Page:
Judge: Lack of pre-K ac­cess among N.M. de­fi­cien­cies

Or­der re­quires state to ad­dress un­der­funded ed­u­ca­tion pro­grams, but how much should be spent not spec­i­fied

The Taos News - - LOCAL NEWS - By Robert Nott [email protected]­i­can.com Yazzie/Martinez v. State of New Mex­ico,

In a le­gal move that in­ten­si­fies pres­sure on state law­mak­ers and the gover­nor to in­crease spend­ing on New Mex­ico schools, a state district judge re­cently is­sued a fi­nal or­der in a law­suit against the Pub­lic Ed­u­ca­tion De­part­ment; it not only re­quires a rem­edy to un­der­funded pro­grams but also de­tails the many ways the agency has failed its stu­dents.

First Ju­di­cial District Judge Sarah Sin­gle­ton first ruled in July on

agree­ing with plain­tiffs’ ar­gu­ments that the state is not pro­vid­ing enough money to of­fer a qual­ity ed­u­ca­tion for cer­tain groups of stu­dents: low-in­come chil­dren, English-lan­guage learn­ers, Na­tive Amer­i­cans and stu­dents with dis­abil­i­ties.

She gave the state un­til April 15 to find a so­lu­tion.

In late De­cem­ber, af­ter re­view­ing more than 1,000 pages of facts and find­ings from the plain­tiffs – a coali­tion of stu­dents, par­ents and school dis­tricts – as well as from the Pub­lic Ed­u­ca­tion De­part­ment, Sin­gle­ton filed a 600-page or­der ex­plain­ing spe­cific needs that are not be­ing met.

She cited a lack of in­struc­tional ma­te­ri­als, pro­grams and teacher train­ing to ad­dress the needs of stu­dents in the high-risk groups, along with a lack of ac­ces­si­bil­ity to prekinder­garten classes.

Just 31 per­cent of the state’s 215,000 stu­dents in grades three to 11 scored pro­fi­cient in read­ing on the last round of the an­nual statewide ex­ams called PARCC, which stands for Part­ner­ship for the As­sess­ment of Readi­ness for Col­lege and Ca­reers.

The state came up with a pro­gram to im­prove lit­er­acy skills, called Read to Lead, Sin­gle­ton said in her rul­ing, but ad­min­is­tra­tive bar­ri­ers tied to fund­ing for the pro­gram de­terred many dis­tricts from pur­su­ing it for stu­dents who needed the ex­tra help.

Gov. Michelle Lu­jan Gr­isham, who has said she won’t chal­lenge Sin­gle­ton’s rul­ing, is­sued an ex­ec­u­tive or­der last week end­ing use of PARCC read­ing and math tests af­ter the 2018-19 school year.

As for pre-K – which Lu­jan Gr­isham has called as a pri­or­ity for her ad­min­is­tra­tion – Sin­gle­ton pointed out stud­ies tout­ing its ben­e­fits when it is avail­able to all stu­dents. But the Pub­lic Ed­u­ca­tion De­part­ment hasn’t al­lo­cated enough fund­ing to of­fer preschool pro­grams to stu­dents in all 89 dis­tricts, the judge said.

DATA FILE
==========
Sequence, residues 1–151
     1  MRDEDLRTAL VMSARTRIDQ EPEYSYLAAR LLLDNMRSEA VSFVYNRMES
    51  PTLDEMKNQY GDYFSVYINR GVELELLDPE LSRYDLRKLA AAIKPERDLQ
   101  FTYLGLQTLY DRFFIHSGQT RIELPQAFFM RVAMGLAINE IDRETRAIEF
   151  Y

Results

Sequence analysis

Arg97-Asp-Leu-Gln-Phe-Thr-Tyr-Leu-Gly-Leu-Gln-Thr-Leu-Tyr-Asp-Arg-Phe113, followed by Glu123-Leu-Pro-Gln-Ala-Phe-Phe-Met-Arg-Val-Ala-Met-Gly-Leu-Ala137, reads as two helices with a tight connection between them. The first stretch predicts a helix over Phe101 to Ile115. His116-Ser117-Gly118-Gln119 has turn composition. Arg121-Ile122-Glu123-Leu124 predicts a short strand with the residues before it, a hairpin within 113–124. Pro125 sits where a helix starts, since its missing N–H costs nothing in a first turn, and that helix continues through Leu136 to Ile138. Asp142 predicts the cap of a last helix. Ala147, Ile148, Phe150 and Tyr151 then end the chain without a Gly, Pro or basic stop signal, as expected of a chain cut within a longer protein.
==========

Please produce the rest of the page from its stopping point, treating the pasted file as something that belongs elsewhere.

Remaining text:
Last year, the de­part­ment an­nounced a $10 mil­lion in­crease for state pre-K pro­grams for the cur­rent school year – bring­ing to­tal spend­ing to $33.6 mil­lion. The change opened up 1,500 new spots and ex­panded the pro­gram to 11 dis­tricts. Even with the new fund­ing, how­ever, the pro­gram serves chil­dren in only

65 dis­tricts, The As­so­ci­ated Press re­ported in May.

“The court’s find­ings of facts and con­clu­sions of law are a damn­ing in­dict­ment of the state’s school sys­tem,” said Gail Evans, an at­tor­ney with the New Mex­ico Cen­ter for Law and Poverty, which rep­re­sents a plain­tiff in the case.

Dur­ing a news con­fer­ence last week, Lu­jan Gr­isham said meet­ing the man­dates in Sin­gle­ton’s rul­ing will be a pri­or­ity in the up­com­ing leg­isla­tive ses­sion, sched­uled to be­gin at noon Tues­day (Jan.

15).

The big ques­tion: How? Evans and other ad­vo­cates for plain­tiffs in the case have urged state lead­ers to in­vest at least $1 bil­lion more per year in pub­lic ed­u­ca­tion.

But Sin­gle­ton’s fi­nal or­der, like her July rul­ing, does not spec­ify how much the state should spend to ad­dress the de­fi­cien­cies.

That could cre­ate con­flict dur­ing the ses­sion, a time when many spe­cial-in­ter­est groups ar­rive at the state cap­i­tal with hats in hand, ask­ing law­mak­ers to help fund their pro­grams.

Although leg­is­la­tors might have a pro­jected $1.2 bil­lion in new rev­enues from the oil and gas in­dus­try to divvy up this year, many have cau­tioned it would be un­wise to al­lo­cate this one-time bar­rel of money for re­cur­ring ex­penses.

“We’ve got a lot of back­fill­ing to do with that [money],” said state Sen. John Arthur Smith, D-Dem­ing, who chairs the Se­nate Fi­nance Com­mit­tee. Oil prices could still fluc­tu­ate, he added, and “we have to be care­ful with what we have.”

The Se­nate Fi­nance Com­mit­tee will weigh in­put from ed­u­ca­tion com­mit­tees on how to “ad­dress the judge’s is­sues,” he said, “... [and] give us some­thing that’s re­spon­si­ble and sus­tain­able – and what I mean by re­spon­si­ble is some­thing we can un­fold in a rea­son­able time frame and de­liver a qual­ity prod­uct.”

Sen. Mimi Ste­wart, D-Al­bu­querque, said the Leg­isla­tive Fi­nance Com­mit­tee and the Leg­isla­tive Ed­u­ca­tion Study Com­mit­tee are work­ing to­gether to come up with a rea­son­able plan, which likely will in­clude ad­just­ing the state’s per-stu­dent fund­ing for­mula to bet­ter ac­com­mo­date youth with greater needs.

Both com­mit­tees will meet Mon­day (Jan. 14), Ste­wart said.

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